By Mortz C. Ortigoza
POZURRUBIO - Edna (not her real name) was recently slapped on the face, punched on the thigh, and kicked on the buttocks by her husband Arman.
|TOYS. Mr Ibarra Ebreo donates a stuffed toy in support of |
Police Chief Inspector Ryan Manongdo, chief of police
of Pozurubbio, Pangasinan, project Papa Bear
where children caught in social conflict are given
candies and toys to assuage their trauma.
When the policemen answered the call of Edna who reported to them the physical and verbal abuses of her husband that started since 2010, a policewoman gave stuffed toys and lollipops to her minor children while her companions prepare to file Republic Act No. 9262 or known as Violence against Women and their Children.
Chief Inspector Ryan Manongdo, this town’s chief of police, said the gesture of the lady cop is part of his brain child Papa Bear.
“To alleviate the morale and minimize the trauma of the children after they witnessed their mother being physically abused by their father,” he stressed to this paper.
Manongdo, a member of the Philippine National Police Academy’s Class of 2005, said his office now is accepting donations such as toys, books, candies , and others that are worthy for the children.
“Friends, please support Pozorrubio PS' Project PAPA BEAR. Thanks to Pozorrubio MSWD (Municipal Social Welfare & Development) for donating dolls for this cause. Hope many will follow! God bless!’ the decorated chief of police, a Special Action Force, posted on his social media’s Face Book’s account.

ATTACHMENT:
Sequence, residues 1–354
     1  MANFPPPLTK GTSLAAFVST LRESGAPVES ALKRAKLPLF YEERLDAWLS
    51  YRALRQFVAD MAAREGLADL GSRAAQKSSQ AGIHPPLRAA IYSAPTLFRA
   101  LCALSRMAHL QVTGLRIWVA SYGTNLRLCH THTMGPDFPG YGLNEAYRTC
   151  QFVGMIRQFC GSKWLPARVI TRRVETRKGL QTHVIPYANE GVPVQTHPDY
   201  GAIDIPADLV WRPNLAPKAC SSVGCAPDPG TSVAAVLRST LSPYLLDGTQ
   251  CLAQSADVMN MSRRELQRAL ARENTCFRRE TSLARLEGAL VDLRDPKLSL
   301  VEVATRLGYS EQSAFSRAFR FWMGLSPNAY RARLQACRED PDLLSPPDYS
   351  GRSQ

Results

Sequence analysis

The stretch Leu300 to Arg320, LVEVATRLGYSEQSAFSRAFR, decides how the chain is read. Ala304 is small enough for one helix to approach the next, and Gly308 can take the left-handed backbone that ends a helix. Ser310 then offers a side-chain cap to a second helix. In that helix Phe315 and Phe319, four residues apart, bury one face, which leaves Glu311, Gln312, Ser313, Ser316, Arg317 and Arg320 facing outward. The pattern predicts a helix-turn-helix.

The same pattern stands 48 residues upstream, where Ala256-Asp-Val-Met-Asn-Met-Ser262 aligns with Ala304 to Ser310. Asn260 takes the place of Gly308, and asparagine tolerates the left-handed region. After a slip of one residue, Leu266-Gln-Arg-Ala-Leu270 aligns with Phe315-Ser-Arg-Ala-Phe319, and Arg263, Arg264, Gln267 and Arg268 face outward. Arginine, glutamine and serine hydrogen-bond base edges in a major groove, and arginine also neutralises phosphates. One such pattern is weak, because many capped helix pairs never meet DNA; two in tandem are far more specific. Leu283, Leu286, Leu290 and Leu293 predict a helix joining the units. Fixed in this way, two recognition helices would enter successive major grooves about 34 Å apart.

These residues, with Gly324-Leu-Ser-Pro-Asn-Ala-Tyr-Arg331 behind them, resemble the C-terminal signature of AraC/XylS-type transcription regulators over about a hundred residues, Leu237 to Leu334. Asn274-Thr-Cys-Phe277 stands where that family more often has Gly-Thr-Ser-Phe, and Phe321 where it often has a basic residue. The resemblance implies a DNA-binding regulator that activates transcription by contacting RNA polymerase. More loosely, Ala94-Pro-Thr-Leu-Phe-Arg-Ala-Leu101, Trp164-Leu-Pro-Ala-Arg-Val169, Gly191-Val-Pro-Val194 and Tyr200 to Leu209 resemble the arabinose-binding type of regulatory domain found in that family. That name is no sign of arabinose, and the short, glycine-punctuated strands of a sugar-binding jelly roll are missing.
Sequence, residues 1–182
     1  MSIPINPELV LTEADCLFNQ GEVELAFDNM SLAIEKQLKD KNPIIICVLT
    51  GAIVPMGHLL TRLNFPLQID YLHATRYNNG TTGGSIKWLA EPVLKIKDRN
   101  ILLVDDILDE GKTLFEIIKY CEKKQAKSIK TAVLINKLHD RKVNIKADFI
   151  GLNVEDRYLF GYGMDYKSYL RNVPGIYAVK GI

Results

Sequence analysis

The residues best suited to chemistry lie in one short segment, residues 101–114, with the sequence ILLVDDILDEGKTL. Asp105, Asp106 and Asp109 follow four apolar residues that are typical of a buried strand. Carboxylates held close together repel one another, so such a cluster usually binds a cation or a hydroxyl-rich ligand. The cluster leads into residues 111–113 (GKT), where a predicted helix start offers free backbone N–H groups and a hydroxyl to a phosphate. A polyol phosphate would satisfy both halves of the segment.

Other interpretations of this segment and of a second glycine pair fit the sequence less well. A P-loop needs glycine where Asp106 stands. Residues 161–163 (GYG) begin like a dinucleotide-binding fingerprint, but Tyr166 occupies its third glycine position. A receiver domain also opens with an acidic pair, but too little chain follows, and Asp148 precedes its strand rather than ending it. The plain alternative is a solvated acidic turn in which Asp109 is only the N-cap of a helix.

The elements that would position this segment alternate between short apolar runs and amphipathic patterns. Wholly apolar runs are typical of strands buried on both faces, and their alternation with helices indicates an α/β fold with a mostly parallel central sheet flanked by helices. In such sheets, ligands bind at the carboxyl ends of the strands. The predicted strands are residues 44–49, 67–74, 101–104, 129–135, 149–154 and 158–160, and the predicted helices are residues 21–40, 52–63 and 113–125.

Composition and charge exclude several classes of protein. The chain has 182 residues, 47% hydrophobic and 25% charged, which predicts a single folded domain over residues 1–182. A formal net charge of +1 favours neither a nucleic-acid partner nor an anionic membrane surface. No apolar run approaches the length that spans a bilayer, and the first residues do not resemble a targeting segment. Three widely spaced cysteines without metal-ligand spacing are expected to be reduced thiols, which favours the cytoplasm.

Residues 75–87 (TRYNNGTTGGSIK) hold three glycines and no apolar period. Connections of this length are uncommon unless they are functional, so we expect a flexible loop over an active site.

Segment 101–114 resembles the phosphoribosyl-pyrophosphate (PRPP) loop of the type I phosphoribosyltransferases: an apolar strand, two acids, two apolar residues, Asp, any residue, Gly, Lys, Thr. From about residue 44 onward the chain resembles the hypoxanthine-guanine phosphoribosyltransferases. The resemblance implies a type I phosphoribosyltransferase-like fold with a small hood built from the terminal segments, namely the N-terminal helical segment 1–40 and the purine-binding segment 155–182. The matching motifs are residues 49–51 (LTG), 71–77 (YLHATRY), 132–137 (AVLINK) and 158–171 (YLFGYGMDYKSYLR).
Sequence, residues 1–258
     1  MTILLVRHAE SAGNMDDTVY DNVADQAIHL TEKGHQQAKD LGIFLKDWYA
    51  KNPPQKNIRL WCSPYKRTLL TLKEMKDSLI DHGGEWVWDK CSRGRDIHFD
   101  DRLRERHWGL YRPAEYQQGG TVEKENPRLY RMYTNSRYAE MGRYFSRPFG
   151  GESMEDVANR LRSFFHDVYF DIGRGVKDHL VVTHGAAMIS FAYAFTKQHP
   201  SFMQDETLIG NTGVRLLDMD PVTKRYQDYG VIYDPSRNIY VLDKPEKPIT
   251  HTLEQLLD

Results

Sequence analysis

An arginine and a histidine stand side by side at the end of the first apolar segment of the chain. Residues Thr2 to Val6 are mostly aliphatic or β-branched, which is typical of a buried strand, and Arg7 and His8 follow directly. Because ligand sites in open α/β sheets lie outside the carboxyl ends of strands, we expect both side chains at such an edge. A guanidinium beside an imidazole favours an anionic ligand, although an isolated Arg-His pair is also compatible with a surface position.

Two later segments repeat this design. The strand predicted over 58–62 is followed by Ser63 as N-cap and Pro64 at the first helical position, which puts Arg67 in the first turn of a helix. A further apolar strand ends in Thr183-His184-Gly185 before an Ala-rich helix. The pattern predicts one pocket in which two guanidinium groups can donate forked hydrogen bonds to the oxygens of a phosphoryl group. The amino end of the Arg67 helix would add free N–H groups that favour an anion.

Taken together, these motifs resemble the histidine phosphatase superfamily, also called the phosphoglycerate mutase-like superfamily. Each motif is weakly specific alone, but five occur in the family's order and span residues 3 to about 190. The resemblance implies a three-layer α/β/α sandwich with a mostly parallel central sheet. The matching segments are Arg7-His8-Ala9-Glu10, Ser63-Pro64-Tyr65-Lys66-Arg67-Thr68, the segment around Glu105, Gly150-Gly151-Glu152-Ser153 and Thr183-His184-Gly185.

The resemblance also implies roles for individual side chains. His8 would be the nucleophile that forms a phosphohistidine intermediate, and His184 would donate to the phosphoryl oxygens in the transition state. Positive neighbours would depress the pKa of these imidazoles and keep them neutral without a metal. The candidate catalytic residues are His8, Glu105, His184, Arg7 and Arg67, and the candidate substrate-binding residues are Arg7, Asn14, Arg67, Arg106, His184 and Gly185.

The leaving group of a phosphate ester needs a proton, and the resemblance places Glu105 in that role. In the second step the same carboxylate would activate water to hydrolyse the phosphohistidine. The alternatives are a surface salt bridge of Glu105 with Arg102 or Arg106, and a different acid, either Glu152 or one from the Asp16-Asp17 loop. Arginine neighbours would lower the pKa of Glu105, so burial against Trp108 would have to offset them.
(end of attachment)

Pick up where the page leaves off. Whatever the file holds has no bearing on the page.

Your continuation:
The other donors, according to Manongdo, were a “Good Samaritan” woman who dropped by at the desk of Police Officer -1 Gerry Quijarro and gave him a lion stuff toy. The MSWD here gave 20 colouring books, 10 story books and six packs of candies and lollipops, and Mr. Ibarra Ebreo donated a Barney and Tweety stuff toys.
“She (Good Samaritan) decided to give when she read the brochure "1st Quarter Report on Peace and Order" which is part of the Project "BANDO" highlighting the stations plans and programs, accomplishments and initiatives,” Manongdo described the brochure, a coloured bar and graphs illustrated four pages pamphlet would be disseminated to the public every quarter of the year.
He said his office taps the traditional media, the internet, and words of mouth to promote “BANDO” and Papa Bear to improve the police work and uplift the trust of the people to the Philippine National Police.
"BANDO (means) to maximize all available medium of information to inform the public on the station's accomplishments, plans, programs and initiative to improve the public's perception of the Pozorrubio’s PNP,” he explained.
The chief of police said that he plans to equip the station’s motorcycle with two compartments at the back so it can carry stuff toys and candies for the children caught in the social conflict.
Although Papa Bear probably was pioneered here, dole outs to children to calm them are not new to the Americans.
In the movie Zero Dark Thirty, the U.S Navy SEAL Team-6 who raided the third floor of the house of then No. 1 terrorist Osama bin Laden in Abbottabad, Pakistan were seen giving candies and illuminating sticks that one sees at fair to assuage the terrified children there when shock troops landed in the middle of the night from two stealth Apache helicopters near their residence aided by night vision goggle who started shooting in pitch darkness the terrorists.